Cover Image

Not for Sale



View/Hide Left Panel
Click for next page ( 35


The National Academies | 500 Fifth St. N.W. | Washington, D.C. 20001
Copyright © National Academy of Sciences. All rights reserved.
Terms of Use and Privacy Statement



Below are the first 10 and last 10 pages of uncorrected machine-read text (when available) of this chapter, followed by the top 30 algorithmically extracted key phrases from the chapter as a whole.
Intended to provide our own search engines and external engines with highly rich, chapter-representative searchable text on the opening pages of each chapter. Because it is UNCORRECTED material, please consider the following text as a useful but insufficient proxy for the authoritative book pages.

Do not use for reproduction, copying, pasting, or reading; exclusively for search engines.

OCR for page 34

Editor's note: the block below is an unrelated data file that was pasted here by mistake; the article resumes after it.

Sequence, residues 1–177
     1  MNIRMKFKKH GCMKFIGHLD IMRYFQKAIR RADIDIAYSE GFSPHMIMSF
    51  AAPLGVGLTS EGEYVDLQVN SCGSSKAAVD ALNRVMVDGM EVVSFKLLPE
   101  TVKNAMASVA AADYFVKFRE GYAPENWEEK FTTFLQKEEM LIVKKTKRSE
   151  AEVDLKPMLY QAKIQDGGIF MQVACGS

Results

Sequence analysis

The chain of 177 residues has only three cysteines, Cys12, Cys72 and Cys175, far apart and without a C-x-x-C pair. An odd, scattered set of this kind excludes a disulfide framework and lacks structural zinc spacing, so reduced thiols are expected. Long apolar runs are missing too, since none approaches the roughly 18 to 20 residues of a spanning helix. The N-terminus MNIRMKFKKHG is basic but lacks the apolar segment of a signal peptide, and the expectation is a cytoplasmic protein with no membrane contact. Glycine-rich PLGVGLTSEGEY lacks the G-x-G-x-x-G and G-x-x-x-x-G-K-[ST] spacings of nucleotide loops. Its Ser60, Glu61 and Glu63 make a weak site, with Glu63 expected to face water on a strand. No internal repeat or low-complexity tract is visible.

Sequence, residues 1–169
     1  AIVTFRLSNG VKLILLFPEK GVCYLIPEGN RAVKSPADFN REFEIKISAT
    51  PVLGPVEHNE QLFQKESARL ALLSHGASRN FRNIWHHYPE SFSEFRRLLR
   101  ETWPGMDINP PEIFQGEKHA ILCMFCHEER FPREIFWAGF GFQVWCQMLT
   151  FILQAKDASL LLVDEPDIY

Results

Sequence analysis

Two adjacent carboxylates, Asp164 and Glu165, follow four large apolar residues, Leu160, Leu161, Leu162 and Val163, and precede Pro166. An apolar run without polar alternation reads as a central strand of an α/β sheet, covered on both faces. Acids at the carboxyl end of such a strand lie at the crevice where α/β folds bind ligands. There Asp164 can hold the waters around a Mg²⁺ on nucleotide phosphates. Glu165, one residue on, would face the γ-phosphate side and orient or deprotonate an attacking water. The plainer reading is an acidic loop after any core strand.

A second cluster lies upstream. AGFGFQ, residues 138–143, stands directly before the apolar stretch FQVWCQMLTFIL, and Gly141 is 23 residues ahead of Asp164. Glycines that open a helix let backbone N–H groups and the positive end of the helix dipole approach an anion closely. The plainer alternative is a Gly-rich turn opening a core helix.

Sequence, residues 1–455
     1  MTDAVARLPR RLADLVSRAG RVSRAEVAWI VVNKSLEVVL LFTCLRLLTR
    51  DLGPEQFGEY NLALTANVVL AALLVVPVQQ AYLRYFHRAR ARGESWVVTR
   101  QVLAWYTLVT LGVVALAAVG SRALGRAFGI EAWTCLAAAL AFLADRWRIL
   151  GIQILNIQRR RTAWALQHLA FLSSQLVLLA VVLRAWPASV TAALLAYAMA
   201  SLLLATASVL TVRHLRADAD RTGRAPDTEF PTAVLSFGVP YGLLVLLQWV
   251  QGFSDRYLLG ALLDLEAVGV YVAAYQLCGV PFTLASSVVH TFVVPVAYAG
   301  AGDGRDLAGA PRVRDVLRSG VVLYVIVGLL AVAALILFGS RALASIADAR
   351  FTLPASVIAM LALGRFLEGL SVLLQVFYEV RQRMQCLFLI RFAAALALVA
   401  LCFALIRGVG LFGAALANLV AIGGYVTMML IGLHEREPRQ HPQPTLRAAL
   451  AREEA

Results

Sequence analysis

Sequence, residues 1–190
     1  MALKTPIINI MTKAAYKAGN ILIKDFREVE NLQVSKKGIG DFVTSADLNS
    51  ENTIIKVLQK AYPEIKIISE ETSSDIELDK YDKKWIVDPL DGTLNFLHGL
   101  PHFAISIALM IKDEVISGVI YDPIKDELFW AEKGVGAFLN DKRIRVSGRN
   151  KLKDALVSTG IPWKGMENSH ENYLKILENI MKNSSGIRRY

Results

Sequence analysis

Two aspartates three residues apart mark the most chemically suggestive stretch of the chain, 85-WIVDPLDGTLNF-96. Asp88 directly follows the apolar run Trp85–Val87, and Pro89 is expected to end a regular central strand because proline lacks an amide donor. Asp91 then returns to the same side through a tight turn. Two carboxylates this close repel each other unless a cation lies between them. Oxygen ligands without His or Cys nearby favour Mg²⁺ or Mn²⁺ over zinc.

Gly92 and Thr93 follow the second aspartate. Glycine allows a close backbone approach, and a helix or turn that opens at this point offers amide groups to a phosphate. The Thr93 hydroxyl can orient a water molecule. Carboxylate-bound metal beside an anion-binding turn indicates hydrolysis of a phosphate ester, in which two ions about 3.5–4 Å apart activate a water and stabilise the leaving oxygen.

Case Study Murphy Warehouses operates nine warehouses in the Minneapolis-St. Paul region. When Murphy Warehouses requires another facility because of customer expansion or changes in warehouse and distribution demand, the following are key requirements for purchasing another existing facility: Facility must have access to Interstate or major highway interchanges (within 3 miles). Facility must have on-site access to rail (reflecting Murphy's market strategy). Facility must be between 150,000 and 200,000 square feet. Real estate taxes in community must be reasonable. Preference toward energy-efficient facilities. Facility must be in good structural condition including docks, steel joists, roof, and floors. Stormwater can be handled on-site. Other considerations are: 1) the new site should have access to the markets served and located within the metropolitan area; 2) land prices and development costs to refurbish the existing facility would also factor into location decisions; and 3) any facilities considered would have to be sound real estate investments and sellable in the future. Time to market and overall logistics Network modeling and analysis costs are prime factors driving freight facility location decisions. Time to market and overall logistics costs are prime factors driving freight facility location decisions. As a result, the first stage for locating a freight facility is to examine the interplay between location and freight costs. Transportation is a large consideration at this point in the analysis. Companies use computerized network modeling programs or equivalent methodology to estimate total shipping cost and time to market for a range of scenarios. These approaches use customer or store locations, sourcing points, freight loads, fuel costs, facility operating costs, and transportation modal choices to develop 34 Freight Facility Location Selection: A Guide for Public Officials